This is the competency in which—a bit like Voltron—all the others come together in synthesis, to produce big projects with deep scope.
Worldbuilding is a somewhat contentious term in futures work, but like a lot of contentious terms, the contention arises from different definitions coming into conflict.
For my money, the most concise definition of worldbuilding is that it’s what’s being done by anyone imagining futures or telling stories about them: that includes not just foresight practitioners but speculative and critical designers, as well as marketeers, political speechwriters, and even the accounts department in a big firm. What matters isn’t whether we do it or not—because we’re all doing it, all the time, just as a side-effect of being human—but rather that we do it well, and that the worlds we build are open, rather than closed.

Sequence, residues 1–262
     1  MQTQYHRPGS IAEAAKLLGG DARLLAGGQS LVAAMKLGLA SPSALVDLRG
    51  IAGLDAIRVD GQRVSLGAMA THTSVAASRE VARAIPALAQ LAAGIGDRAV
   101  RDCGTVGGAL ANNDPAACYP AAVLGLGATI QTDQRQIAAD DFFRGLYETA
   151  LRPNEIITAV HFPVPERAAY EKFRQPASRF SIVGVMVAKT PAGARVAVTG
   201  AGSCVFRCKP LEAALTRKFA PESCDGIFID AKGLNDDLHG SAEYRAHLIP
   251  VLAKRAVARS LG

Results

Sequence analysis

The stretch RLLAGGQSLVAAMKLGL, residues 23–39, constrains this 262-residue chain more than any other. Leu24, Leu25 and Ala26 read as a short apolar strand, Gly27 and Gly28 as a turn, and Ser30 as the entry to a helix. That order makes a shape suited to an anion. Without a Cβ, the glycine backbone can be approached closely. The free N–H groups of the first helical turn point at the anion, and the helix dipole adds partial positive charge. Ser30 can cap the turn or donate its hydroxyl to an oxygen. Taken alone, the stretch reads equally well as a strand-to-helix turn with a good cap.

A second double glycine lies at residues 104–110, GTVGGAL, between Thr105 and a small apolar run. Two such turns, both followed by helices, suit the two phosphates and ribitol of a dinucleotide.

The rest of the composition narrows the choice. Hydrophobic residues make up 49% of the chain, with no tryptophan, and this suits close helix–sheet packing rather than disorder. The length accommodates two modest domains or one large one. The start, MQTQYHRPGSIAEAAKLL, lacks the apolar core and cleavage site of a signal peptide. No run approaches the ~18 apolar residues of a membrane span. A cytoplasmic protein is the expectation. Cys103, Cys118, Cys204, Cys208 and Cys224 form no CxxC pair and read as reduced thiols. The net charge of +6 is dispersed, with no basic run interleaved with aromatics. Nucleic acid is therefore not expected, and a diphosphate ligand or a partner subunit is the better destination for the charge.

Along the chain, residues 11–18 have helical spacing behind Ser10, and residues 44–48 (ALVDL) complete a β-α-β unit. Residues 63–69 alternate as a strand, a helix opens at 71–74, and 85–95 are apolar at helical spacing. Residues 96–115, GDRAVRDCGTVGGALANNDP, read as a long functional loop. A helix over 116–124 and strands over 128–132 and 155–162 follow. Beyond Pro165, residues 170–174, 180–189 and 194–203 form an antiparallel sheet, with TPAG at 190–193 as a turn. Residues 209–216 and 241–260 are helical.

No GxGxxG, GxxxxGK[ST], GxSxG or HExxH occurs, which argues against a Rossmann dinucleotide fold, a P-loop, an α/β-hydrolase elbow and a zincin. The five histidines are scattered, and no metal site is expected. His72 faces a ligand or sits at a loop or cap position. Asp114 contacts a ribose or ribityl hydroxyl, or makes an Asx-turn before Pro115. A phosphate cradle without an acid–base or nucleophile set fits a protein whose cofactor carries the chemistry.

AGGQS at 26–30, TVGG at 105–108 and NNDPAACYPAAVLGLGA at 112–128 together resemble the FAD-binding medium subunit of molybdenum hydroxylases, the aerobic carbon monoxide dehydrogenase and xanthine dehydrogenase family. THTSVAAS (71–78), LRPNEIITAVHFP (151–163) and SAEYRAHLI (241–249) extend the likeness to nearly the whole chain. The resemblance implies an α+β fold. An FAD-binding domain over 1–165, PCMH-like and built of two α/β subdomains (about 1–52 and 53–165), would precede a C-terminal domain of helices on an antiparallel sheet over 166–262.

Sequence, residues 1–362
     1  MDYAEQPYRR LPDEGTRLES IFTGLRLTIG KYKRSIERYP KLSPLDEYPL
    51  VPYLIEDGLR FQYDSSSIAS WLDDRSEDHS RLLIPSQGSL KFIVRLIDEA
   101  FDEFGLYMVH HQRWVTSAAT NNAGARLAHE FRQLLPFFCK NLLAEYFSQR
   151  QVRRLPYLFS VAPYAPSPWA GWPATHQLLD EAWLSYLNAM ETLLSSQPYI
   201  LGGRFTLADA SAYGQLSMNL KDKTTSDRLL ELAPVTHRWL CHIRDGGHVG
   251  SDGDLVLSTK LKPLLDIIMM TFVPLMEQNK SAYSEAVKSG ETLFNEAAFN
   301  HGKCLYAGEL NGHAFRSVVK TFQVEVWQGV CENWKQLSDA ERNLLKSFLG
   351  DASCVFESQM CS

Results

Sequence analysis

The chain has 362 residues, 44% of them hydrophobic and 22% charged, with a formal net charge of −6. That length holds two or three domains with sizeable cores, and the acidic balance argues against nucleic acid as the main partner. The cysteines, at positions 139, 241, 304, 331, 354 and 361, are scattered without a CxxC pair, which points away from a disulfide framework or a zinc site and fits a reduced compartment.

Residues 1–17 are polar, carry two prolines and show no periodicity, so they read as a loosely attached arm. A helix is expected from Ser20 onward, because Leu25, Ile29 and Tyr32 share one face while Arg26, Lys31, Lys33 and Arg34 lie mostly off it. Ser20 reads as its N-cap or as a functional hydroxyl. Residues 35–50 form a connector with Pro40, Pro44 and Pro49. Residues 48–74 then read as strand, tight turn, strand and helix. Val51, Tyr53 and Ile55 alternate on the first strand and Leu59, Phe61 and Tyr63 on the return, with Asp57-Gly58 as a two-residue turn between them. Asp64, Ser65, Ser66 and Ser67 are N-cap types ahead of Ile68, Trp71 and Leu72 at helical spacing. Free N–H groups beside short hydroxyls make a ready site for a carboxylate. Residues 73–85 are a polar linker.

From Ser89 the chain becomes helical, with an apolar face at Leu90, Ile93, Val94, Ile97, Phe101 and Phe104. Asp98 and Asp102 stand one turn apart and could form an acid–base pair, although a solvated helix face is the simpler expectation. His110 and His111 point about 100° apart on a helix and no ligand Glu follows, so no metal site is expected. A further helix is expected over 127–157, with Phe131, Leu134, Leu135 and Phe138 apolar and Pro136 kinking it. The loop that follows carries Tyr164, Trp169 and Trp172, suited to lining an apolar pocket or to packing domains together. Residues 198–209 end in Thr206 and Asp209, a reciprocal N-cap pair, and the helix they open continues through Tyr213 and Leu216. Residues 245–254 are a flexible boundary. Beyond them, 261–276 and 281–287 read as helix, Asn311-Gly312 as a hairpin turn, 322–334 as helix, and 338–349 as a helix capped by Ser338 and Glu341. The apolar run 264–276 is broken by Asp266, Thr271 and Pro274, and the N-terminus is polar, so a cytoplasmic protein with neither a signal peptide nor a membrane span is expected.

If you’d like to know more about worldbuilding, perhaps you should read this essay I wrote for an edited volume produced by the experiential futures collective Time’s Up? Alternatively, drop me a line, we’ll set up a chat or meeting, and I can tell you directly.
Or maybe taking a look at some of the work I consider to be worldbuilding would help? Well, that’s all of my work, in one way or another… so have a browse and see what grabs you.
A short story set in the far north of Sweden; it’s about energy transitions, and about the sustained extractivisms that lurk behind them.
How to describe “Bestiary”? It’s not a story like one you might encounter in a magazine or anthology. It’s sort of a set of stories nested within another story…
A small team of researchers managed to pitch the idea of a narrative prototype which would explore a possible future for Lund University in a familiar and accessible format.
The Rough Planet Guide to Zero-Carbon Skåne is a website-based travel guide (of sorts) to Skåne. Not the Skåne of the present, though—rather, a possible Skåne of around 2045 or so.